Defrag Your Sentences


Writers are constantly reminded to be concise, to cull the unnecessary word. While this is generally a good advice, writers can leave out essential elements of a sentence in the process and cull necessary words instead.

Fragments are incomplete sentences

Incomplete sentence disrupt the flow and confuse readers. Usually, fragments are pieces of sentences that have become disconnected from the main clause. The fragment fails to be a sentence in the sense that it cannot stand by itself. This mere group of words may seem to act like a sentence but do not have the wherewithal to make it as a complete thought.

The problem with sentence fragments is that they aren’t always easy to spot. Many think you can judge whether a sentence is complete or not by simply checking if it has a subject and a verb. It’s not that straightforward. While these two elements of a complete sentence are a necessary conditio sine qua non, a full sentence must also give birth to a complete thought.

How can we determine if a sentence is complete? Try asking the following:

  • Does the sentence have a subject?
  • Does the sentence contain a verb?
  • Does the sentence form a complete thought that can stand on its own?

If you score one NO, you’ve identified a sentence fragment, and fixing it is generally easy.

If it’s missing, add the missing element (subject, verb, complete thought) to the fragment

  • Incorrect: Waited for the writers’ conference to start.
  • Correct: She waited for the writers’ conference to start.
  • Incorrect: Reto spent the night implementing a new feature in BookGarage. Also fixed a bug.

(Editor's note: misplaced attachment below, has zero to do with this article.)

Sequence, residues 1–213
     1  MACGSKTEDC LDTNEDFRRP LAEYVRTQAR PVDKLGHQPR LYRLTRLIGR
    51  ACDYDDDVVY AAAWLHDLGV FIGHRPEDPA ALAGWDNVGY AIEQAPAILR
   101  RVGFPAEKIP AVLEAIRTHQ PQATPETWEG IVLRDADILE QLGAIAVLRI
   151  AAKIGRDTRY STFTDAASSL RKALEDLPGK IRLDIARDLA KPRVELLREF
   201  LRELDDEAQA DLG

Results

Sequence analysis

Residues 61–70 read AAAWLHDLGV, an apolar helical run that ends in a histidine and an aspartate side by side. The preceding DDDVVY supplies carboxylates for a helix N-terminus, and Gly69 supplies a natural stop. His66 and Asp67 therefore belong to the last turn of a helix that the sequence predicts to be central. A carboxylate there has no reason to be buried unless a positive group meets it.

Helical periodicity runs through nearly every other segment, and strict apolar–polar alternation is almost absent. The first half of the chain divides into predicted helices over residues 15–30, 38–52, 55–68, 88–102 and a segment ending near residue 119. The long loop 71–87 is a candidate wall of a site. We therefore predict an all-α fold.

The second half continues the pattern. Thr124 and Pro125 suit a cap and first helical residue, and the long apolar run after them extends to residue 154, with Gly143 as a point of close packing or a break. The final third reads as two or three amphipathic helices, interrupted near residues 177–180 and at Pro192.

• Correct: Reto spent the night implementing a new feature in BookGarage. He also fixed a bug.

Attach the sentence fragment to another sentence

Fragments often are dependent clauses or phrases (that is, which cannot stand on their own). By adding the fragment to an independent clause (that is, one which can stand on its own), you can form a full sentence and a complete thought. This is also the place where you may need to add a comma, too.

  • Incorrect: Until I finish another chapter tonight.
  • Correct: Until I finish another chapter tonight, I’m not going to bed.
  • Correct: I’m not going to bed tonight until I finish another chapter.

Remove the word that makes it a fragment

We said fragments show up when they are missing one crucial element, but some linger there until the writer culls an unnecessary word.  Most of these fragments start with prepositions or conjunctions. By removing these words, you can usually make a complete sentence.

  • Incorrect: Because we’re out of funds.
  • Correct: We’re out of funds.
  • Incorrect: When the spaceship back from Jupiter lands this January.
  • Correct: The spaceship back from Jupiter lands this January.

Happy Writing


Massimo Marino
COO and co-founder


(Reposted with permission from


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